JANUARY FLOOD OUTLOOK
…RED RIVER BASIN OUTLOOK FOR RIVER FLOOD POTENTIAL… FROM THE NATIONAL WEATHER SERVICE
This outlook covers the Red River of the North
and its Minnesota and North Dakota tributaries.
…HIGH RISK OF MAJOR FLOODING THIS SPRING ALONG THE MAINSTEM RED
RIVER WITH WIDESPREAD MINOR TO MODERATE FLOODING ALONG THE
This outlook covers the period from January 27, 2020 to May 19,
2020. Note that this period has been extended to encompass the
entirety of the spring flood season.
* Probabilities for exceeding Major, Moderate, Minor Flood Stage…
There is a high risk (greater than 65 percent) of major flooding
at Fargo/Moorhead, Halstad, Grand Forks/East Grand Forks, Oslo,
Drayton, and Pembina on the Red River. In North Dakota, there is a
high risk of major flooding at Valley City, Kindred, the West Fargo
Diversion, and Harwood on the Sheyenne River and at Abercrombie on
the Wild Rice River. In Minnesota, there is not a high risk of major
flooding at any forecast points with this outlook issuance.
There is a medium risk (35 to 65 percent) of major flooding at
Wahpeton/Breckenridge on the Red River. In North Dakota, there is a
medium risk of major flooding at Lisbon on the Sheyenne River,
Mapleton on the Maple River, and Neche on the Pembina River. In
Minnesota, there is a medium risk of major flooding at Hendrum on the
Wild Rice River, Climax on the Sand Hill River, and at High Landing
and Crookston on the Red Lake River.
There is a low risk (less than 35 percent) of major flooding
throughout the remainder of the basin with this outlook issuance.
There is a high risk (greater than 65 percent) of moderate
flooding at Wahpeton/Breckenridge on the Red River. In North Dakota,
there is a high risk of moderate flooding at Lisbon on the Sheyenne
River, Enderlin and Mapleton on the Maple River, Hillsboro on the
Goose River, and Neche on the Pembina River. In Minnesota, there is a
high risk of moderate flooding at Sabin on the South Branch of the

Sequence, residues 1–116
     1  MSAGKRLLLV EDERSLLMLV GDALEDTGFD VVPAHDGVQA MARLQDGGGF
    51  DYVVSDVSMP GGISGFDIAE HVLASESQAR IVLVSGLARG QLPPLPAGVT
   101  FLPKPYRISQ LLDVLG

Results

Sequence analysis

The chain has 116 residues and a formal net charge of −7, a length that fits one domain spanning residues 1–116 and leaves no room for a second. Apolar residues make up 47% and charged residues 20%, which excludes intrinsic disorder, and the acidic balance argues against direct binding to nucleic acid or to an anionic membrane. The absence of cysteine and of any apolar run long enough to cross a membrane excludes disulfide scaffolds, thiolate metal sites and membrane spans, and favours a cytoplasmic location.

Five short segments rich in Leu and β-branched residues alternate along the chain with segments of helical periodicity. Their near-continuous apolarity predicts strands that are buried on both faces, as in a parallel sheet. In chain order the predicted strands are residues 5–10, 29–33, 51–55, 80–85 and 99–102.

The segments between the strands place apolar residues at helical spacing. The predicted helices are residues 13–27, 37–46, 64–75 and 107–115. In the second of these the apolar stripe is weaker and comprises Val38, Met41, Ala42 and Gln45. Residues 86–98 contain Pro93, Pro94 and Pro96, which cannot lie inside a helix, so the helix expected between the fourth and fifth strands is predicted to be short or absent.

Buffalo River, Hawley and Dilworth on the Buffalo River, Hendrum on
the Wild Rice River, Climax on the Sand Hill River, Crookston on the
Red Lake River, Alvarado on the Snake River, and Hallock on the Two
There is a medium risk (35 to 65 percent) of moderate flooding at
Hickson on the Red River. In Minnesota, there is a medium risk of
moderate flooding at Twin Valley on the Wild Rice River, Shelly on
the Marsh River, and High Landing on the Red Lake River.
There is a high risk (greater than 65 percent) of minor flooding
at Minto on the Forest River and Walhalla on the Pembina River. There
is a medium risk (35 to 65 percent) of minor flooding at Roseau on
the Roseau River and Grafton* on the Park River. There is a low risk
of minor flooding near Warren on the Snake River.
*Note: With the recent completion of the Grafton Bypass, river
flows will be divided between the main channel and the diversion.
This will significantly reduce the impact on the City of Grafton and
surrounding areas protected by the diversion, and the in town river
gage at Grafton is not likely to reach the stages depicted here.
However, locations outside the protection of the diversion still have
the depicted risk probability associated with historic levels on the
Hydrologic and climate conditions which affect each of the several
factors that significantly determine the timing and magnitude of
spring snowmelt flooding within the Red River of the North are
* SNOWPACK CONDITIONS…
The current snowpack and associated water content is above normal.
Since December 1, 2019, snowfall has been much above average (roughly
150 to 300 percent of normal). This has been the case for much of the
basin with the exception of far northeastern ND and northwestern MN.
The current water content of the snow ranges from 2.5 to 5.0 inches
which are values usually seen closer to snowmelt (i.e., running high
for this point in the winter).
* SOIL MOISTURE…
At the time of freeze-up, soil moisture was well above normal
across much of the basin due to record precipitation during the fall.
Some locations even had standing water frozen into some ditches.
* FROST DEPTHS…
Current frost depth values are shallower than normal due to early
and persistent snowcover this winter. The far southern valley
currently reports frost depth values of 6 to 12 inches while most
locations north of Fargo range from 14 to 30 inches.
* RIVER FLOWS…
Base streamflows are much above normal, even nearing record levels
for this time of year due to the record wet fall. The Red River and
most tributaries (mainly south of Oslo) are currently flowing at the
95th percentile or greater. Further north, flows are in the 76th to
* RIVER ICE…
River ice and lake ice thicknesses are currently less than normal
and quite variable across the region.
* FACTORS YET TO BE DETERMINED…
– Further snowpack growth,
– Rate of snowmelt/thaw,
– Heavy rain on snow or frozen ground during thaw or peak flood,
– Heavy rain on ice-covered rivers causing short-term ice jams.